For sometime things appeared to be looking up until his situation degenerated one night on June 17, 2016. He could not simply breathe. It was in that condition he was rushed to JUTH and after careful examination, he was placed on oxygen support breathing machine, a journey from which he is yet to return even as you are reading this.
Academy to the rescue
Nannim who lives in Rantya Low cost Housing Estate, behind COCIN RCC, has a lot to thank the owners and authorities of Founders International Academy for their decision to continue to place him on their pay roll in these past 15 months despite the fact that he has not been coming to school nor teaching. But the dilemma facing everybody now is, where does he go from here? He cannot afford the N1.9 million needed to purchase the instrument to keep his life going. So, what happens? Should he be allowed to die? Should doctors taking care of him be asked to stop the medication because he can no longer afford it? God forbid. His wife, Mrs. Lydia Nannim, is praying that it should not come to that.
“God is the only alternative we have, I believe it wouldn’t get to the level of “mercy killing”, she said in an interview with Saturday Sun even as she begs public-spirited Nigerians to come to their aid. “He can still contribute tremendously to the development of the society. We are begging Nigerians to help us. The hospital is not our home and the bill is increasing every day.”
Lydia, who works as a nanny with COCIN Private School State Low cost Housing Estate, Jos is devastated by the situation. Since her husband was admitted at the hospital she has divided her time between staying with her husband in hospital, her place of work and taking care of their three children: Nanman, five-year-old primary one pupil; Manya, eight-year-old primary three pupil and Samuel, a diploma undergraduate of Federal College of Education Pankshin. Married in 2007, Lydia said although she was aware of the recurring health challenges of her husband, she did not envisage that it could lead to the present condition.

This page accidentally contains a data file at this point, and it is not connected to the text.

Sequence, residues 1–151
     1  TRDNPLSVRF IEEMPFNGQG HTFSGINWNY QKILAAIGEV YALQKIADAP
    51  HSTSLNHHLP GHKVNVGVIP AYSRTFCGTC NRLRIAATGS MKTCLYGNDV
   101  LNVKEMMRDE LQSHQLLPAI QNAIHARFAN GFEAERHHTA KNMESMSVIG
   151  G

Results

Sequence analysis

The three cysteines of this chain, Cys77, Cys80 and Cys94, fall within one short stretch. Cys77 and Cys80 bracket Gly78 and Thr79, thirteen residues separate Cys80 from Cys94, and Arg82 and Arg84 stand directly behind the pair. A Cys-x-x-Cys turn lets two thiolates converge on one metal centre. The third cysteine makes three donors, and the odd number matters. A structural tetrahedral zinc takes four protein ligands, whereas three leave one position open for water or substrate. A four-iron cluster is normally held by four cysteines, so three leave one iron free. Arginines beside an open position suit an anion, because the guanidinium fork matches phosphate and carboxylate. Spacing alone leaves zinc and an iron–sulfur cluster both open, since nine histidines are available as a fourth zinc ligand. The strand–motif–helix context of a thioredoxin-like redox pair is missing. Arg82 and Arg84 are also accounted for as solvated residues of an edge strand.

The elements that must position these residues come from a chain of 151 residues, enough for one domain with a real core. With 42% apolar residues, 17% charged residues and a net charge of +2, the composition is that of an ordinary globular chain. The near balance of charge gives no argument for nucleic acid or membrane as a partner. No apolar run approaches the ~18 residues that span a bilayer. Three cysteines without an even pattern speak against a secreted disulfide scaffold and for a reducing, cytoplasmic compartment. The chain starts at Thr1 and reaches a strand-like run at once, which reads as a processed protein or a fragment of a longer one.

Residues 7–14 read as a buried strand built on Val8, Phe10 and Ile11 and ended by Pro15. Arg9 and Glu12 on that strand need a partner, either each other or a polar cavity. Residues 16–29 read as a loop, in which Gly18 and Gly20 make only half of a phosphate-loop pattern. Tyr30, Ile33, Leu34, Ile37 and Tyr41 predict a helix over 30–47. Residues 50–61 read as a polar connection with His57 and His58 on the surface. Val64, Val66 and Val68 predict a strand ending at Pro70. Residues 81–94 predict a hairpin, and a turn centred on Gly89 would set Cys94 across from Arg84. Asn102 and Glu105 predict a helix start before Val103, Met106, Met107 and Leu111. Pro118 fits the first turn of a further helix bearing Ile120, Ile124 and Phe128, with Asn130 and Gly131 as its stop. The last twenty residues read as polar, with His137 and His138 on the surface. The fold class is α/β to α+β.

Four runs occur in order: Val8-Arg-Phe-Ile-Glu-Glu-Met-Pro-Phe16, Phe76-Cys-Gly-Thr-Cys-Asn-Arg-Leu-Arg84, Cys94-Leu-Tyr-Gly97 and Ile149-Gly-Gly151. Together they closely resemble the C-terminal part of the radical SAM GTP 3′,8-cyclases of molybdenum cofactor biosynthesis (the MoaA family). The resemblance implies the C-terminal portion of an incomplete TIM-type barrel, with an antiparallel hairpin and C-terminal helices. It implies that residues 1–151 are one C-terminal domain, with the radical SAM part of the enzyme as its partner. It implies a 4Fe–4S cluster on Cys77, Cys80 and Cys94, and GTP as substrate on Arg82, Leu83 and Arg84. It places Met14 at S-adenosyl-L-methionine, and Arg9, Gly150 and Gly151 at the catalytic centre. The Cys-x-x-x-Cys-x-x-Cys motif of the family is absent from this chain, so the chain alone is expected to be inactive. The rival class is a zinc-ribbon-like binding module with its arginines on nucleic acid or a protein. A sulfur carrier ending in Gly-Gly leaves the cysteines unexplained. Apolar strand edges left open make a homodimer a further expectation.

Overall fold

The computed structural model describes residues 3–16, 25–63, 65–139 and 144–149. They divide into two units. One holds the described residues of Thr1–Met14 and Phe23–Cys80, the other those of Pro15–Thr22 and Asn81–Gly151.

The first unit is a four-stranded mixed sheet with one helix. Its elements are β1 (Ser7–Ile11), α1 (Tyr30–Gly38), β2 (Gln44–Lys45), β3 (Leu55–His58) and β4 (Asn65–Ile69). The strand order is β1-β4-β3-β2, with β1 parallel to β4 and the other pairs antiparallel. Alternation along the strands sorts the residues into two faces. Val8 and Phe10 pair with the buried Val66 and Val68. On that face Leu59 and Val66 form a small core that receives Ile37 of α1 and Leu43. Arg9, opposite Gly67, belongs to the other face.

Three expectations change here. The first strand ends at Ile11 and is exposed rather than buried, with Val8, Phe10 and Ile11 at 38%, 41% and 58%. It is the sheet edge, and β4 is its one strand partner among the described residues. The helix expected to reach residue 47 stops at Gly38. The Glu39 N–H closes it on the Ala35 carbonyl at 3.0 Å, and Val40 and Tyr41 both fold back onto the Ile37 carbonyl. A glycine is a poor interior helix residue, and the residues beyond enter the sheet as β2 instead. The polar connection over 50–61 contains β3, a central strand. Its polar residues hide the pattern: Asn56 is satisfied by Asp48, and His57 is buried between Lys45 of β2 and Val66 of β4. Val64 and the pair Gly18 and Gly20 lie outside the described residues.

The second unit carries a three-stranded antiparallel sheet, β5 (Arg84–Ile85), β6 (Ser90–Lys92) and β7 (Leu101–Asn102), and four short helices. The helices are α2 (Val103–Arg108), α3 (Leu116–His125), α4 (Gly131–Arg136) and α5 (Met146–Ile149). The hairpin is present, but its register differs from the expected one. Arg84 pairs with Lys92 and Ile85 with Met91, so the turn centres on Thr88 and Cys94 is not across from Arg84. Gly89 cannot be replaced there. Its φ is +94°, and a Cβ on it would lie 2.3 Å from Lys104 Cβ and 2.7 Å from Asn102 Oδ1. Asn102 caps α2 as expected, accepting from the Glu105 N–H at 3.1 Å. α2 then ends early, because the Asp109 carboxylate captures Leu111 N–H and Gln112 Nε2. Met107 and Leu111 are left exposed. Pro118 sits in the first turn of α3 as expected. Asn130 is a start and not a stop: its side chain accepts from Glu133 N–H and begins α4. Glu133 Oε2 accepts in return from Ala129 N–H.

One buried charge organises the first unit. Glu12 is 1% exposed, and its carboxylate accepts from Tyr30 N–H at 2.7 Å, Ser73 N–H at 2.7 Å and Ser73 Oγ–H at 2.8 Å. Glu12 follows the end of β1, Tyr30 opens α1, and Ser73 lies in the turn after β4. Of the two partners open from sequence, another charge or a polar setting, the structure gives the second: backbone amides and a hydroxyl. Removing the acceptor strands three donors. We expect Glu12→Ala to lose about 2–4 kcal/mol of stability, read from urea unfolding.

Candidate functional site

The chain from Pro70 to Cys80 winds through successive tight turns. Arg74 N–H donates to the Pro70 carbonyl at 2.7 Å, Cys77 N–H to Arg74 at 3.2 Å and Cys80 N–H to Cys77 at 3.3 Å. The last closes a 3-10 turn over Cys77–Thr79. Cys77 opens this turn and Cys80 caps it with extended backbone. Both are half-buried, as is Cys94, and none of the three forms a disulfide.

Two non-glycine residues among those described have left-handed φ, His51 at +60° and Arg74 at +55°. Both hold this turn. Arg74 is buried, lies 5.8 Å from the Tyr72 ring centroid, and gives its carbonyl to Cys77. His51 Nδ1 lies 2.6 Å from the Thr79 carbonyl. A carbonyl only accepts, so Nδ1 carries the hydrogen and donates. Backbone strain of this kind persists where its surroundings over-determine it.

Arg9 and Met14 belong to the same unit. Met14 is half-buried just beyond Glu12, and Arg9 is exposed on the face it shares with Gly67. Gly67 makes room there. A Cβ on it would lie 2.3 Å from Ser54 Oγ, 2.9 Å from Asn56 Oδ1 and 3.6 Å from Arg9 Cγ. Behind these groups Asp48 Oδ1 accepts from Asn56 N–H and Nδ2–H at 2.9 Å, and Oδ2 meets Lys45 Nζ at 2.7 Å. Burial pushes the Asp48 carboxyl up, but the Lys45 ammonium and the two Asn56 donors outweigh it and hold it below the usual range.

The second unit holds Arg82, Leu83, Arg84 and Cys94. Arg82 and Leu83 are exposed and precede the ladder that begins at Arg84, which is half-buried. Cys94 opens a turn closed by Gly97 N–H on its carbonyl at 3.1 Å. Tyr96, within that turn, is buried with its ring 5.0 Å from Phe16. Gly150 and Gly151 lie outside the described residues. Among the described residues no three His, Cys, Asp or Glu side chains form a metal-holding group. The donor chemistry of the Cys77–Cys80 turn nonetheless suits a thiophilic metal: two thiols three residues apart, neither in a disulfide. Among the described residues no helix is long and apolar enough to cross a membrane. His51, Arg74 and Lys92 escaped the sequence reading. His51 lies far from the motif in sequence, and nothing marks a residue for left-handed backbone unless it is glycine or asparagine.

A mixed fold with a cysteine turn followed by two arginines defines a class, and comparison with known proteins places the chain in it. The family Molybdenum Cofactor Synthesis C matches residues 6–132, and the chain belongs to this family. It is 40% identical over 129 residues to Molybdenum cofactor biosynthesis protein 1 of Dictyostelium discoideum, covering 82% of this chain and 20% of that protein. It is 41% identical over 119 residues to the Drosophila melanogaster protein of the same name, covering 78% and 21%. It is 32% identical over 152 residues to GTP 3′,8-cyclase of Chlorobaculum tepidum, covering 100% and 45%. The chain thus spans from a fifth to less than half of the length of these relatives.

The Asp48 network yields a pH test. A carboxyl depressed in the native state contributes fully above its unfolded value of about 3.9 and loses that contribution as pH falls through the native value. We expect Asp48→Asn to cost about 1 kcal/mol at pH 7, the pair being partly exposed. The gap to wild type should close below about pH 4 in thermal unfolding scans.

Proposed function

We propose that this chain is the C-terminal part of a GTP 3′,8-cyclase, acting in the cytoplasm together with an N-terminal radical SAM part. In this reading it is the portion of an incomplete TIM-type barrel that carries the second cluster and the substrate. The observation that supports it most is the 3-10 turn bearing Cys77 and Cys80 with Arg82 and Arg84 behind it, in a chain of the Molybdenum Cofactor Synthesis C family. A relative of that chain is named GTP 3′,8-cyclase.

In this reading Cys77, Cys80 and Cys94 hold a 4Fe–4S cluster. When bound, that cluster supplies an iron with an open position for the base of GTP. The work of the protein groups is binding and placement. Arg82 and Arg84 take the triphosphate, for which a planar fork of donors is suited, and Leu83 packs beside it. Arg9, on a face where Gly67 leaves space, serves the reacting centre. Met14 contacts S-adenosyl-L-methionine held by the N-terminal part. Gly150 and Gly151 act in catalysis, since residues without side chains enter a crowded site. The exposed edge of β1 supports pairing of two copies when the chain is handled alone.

Senior Registrar, Department of Internal Medicine, Jos University Teaching Hospital (JUTH), Dr. Obinna Onwukeme, said that nobody is even contemplating “mercy killing” in the case of Nannim, as it is not a welcome practice in Nigerian medical world.
“We don’t practise euthanasia in this country (mercy killing),” he said. “That is done in some of end-of-life cases, usually for people who have cancer that cannot be treated, who are brain dead, who have bad stroke or something that has damaged the person’s ability to live a normal life. Mercy killing is completely outlawed in Nigeria.”
Giving an insight into what we are dealing with here, he said: “Mr. Nannim came with a complicated case of tuberculosis that has destroyed his lungs and has resulted in his need for oxygen concentrator. We had thought of lung transplantation but the case is not common in Nigeria; usually we don’t think of that as an alternative. In the main time, we advised that he should get an oxygen concentrator that will enable him to get regular oxygen supply to his lungs to help him carry out certain activities in the society.
“The hospital has kept him on admission because he needs to get a mobile oxygen tank and that is not something that the hospital has. He is required to get it from people who supply medical equipment and not many of them stock that in Nigeria. Therefore, he needs to import it. He can only stay for a couple of hours without oxygen and that is why he has been on admission. If he is in the hospital, he gets the oxygen; if he goes home without the oxygen concentrator, he will not be able to breathe effectively.”
“He want to go home because the hospital is not his house. But if he goes home, he will not be able to live effectively, but with the oxygen concentrator, he will be able to live a normal life outside the walls of the hospital. He has accrued bills for the period of time he has been in the hospital and that has been brought to the notice of the management but nothing has been done about it for now.”